Dear Biologists,
My entire high school has become obsessed with the question of whether or not your belly button is definatively a hole. A general yes or no answer with an explanation would be greatly appreciated as our entire class awaits to announce the truth.
Hayley Siegel ( perplexed AP biology student)

Hi There,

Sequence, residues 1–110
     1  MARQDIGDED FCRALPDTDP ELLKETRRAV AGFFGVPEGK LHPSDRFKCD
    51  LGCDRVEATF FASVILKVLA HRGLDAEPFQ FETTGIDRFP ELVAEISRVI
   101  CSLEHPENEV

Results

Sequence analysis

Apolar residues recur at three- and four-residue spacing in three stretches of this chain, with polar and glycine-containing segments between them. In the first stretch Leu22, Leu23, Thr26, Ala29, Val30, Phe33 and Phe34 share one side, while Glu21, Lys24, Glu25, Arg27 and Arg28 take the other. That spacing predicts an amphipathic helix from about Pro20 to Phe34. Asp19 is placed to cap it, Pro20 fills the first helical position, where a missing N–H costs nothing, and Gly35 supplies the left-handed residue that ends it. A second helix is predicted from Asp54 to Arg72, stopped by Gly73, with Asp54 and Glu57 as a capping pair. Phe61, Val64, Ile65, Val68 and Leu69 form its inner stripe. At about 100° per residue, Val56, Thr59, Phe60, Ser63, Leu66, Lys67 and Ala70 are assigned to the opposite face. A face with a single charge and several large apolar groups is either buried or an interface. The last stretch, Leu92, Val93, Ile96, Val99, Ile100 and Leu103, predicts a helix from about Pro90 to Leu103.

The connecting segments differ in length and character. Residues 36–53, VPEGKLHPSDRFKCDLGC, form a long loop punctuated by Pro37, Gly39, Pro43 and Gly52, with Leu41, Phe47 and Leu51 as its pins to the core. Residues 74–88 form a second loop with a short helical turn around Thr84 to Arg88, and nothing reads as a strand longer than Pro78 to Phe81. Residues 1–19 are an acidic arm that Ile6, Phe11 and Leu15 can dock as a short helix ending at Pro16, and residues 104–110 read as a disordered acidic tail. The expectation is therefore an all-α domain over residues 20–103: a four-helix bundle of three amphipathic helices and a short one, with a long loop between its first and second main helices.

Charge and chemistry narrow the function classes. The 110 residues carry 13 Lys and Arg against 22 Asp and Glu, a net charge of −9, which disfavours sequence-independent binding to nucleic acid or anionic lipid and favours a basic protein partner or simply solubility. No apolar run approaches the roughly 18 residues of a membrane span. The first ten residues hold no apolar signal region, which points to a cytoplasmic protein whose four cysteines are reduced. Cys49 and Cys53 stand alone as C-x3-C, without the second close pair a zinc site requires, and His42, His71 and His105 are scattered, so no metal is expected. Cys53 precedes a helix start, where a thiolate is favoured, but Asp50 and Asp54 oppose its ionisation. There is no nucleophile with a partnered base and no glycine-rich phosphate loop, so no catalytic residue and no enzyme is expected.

Your belly button is definitely not a hole! The belly button is basically a scar from where your unbilical vessels once entered your body in utero. The umbilical vessels travel between the placenta and the growing embryo.  Before birth, a baby receives all nutrition via these vessels, and one end interfaces directly with major vessels close to your heart. At birth, when the baby takes it's first breath, this vessel closes off via a sudden pressure change as the lungs work for the first time. After this point the umbilical vessels are no longer needed, so the bit outside the baby's tummy is tied and cut, forming your belly button. Once the internal vessels are no longer in use, they drain of blood and are allowed to atrophie into remnants by the new born's body and are no longer used for blood circulation.